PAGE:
Especially with that empirical data in hand, I think it’s pretty safe to conclude that women don’t get abortions as the final act in some long-winded and circuitous plan to kill babies. I think we can rule out the notion that women who get abortions intend to kill the fœtus. Clearly their intentions lie in other directions – such as the intention not to go into poverty or to become so overtaxed by raising another child that they can no longer care for the family they have – and killing the fœtus is the only option they have. In fact, I’d bet that if there were a way they could transfer the fœtus to another mother, or “postpone” it somehow until they’re ready to be a month, that they’d probably make the choice to do so, though that’s just speculation on my part.
The relevant point is that it’s pretty clear that women don’t get abortions to intentionally kill babies, or fœtuses. Even if abortions were illegal, they wouldn’t be murder, because they’re not done with the intention to kill, they are done with other intentions in mind, and killing is an unavoidable consequence. Thus, even if abortion were illegal, and even if the fœtus killed was actually a person (which is debatable), it would still not be murder, it would be manslaughter.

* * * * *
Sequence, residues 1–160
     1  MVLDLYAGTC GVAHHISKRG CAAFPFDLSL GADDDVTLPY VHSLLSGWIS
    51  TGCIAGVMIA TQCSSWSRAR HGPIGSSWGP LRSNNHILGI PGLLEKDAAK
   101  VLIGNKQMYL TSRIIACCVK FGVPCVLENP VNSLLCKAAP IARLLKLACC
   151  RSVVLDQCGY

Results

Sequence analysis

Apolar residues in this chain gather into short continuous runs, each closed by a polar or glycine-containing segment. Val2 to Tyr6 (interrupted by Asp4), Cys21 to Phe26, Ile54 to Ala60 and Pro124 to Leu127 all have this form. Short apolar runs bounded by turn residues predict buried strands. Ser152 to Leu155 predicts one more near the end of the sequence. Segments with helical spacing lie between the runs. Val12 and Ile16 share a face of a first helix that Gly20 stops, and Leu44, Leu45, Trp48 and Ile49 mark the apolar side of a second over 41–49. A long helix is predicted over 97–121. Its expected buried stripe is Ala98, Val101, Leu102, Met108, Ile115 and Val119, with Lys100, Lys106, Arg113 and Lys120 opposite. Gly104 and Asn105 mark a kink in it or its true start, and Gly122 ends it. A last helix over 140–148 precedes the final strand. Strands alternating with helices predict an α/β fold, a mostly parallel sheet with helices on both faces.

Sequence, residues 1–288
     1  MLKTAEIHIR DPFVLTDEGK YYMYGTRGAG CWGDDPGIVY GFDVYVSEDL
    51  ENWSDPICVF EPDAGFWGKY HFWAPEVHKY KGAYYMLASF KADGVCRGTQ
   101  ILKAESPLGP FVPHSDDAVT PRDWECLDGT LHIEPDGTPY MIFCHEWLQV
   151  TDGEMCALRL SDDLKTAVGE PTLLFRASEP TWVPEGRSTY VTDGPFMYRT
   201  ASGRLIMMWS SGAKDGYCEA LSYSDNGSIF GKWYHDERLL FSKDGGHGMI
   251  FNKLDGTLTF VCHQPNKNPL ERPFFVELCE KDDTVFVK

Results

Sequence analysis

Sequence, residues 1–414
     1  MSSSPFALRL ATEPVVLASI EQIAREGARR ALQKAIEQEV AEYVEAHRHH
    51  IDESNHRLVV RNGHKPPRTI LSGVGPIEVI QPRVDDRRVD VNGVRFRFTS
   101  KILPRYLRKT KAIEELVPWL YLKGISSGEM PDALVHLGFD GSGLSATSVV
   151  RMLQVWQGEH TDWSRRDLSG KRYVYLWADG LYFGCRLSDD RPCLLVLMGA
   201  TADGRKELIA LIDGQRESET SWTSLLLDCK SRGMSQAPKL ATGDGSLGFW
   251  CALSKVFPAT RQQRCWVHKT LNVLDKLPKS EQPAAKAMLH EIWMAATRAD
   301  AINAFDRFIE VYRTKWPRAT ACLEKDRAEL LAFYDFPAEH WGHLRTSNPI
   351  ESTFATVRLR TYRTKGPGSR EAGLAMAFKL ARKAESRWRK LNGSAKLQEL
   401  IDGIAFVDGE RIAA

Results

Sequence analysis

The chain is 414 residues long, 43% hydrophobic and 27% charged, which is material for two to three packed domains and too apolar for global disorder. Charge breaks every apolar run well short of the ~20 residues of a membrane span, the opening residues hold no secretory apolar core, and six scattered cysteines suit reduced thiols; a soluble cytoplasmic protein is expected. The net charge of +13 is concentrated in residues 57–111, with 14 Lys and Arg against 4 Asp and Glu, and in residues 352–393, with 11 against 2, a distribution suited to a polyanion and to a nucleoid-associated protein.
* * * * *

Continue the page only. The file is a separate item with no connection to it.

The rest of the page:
The bottom line: abortion is not murder.
Is abortion killing?
Without a doubt, abortion is killing. But there should be nothing shocking or disturbing about that, if the fœtus is just a mass of cells. We kill cells all the time – every time we have a beer, for example, or even scratch vigorously enough. Where this might matter would be if the fœtus is a person, or at least a human, and I’ll get to those issues shortly.
The bottom line: abortion is killing, but that’s no big deal if all we’re killing are cells.
Is a fœtus a person?